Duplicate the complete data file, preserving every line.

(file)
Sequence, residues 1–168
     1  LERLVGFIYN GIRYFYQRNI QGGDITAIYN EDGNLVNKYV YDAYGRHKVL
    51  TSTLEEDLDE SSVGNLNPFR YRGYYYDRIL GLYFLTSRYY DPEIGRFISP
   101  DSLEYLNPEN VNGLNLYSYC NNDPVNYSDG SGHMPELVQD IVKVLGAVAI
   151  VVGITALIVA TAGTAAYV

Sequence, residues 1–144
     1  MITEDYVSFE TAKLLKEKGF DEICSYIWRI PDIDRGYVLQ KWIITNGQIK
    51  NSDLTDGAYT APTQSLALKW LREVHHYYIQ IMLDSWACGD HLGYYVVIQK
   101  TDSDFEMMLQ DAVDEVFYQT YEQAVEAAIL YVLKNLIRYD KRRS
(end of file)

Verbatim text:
Sequence, residues 1–168
     1  LERLVGFIYN GIRYFYQRNI QGGDITAIYN EDGNLVNKYV YDAYGRHKVL
    51  TSTLEEDLDE SSVGNLNPFR YRGYYYDRIL GLYFLTSRYY DPEIGRFISP
   101  DSLEYLNPEN VNGLNLYSYC NNDPVNYSDG SGHMPELVQD IVKVLGAVAI
   151  VVGITALIVA TAGTAAYV

Sequence, residues 1–144
     1  MITEDYVSFE TAKLLKEKGF DEICSYIWRI PDIDRGYVLQ KWIITNGQIK
    51  NSDLTDGAYT APTQSLALKW LREVHHYYIQ IMLDSWACGD HLGYYVVIQK
   101  TDSDFEMMLQ DAVDEVFYQT YEQAVEAAIL YVLKNLIRYD KRRS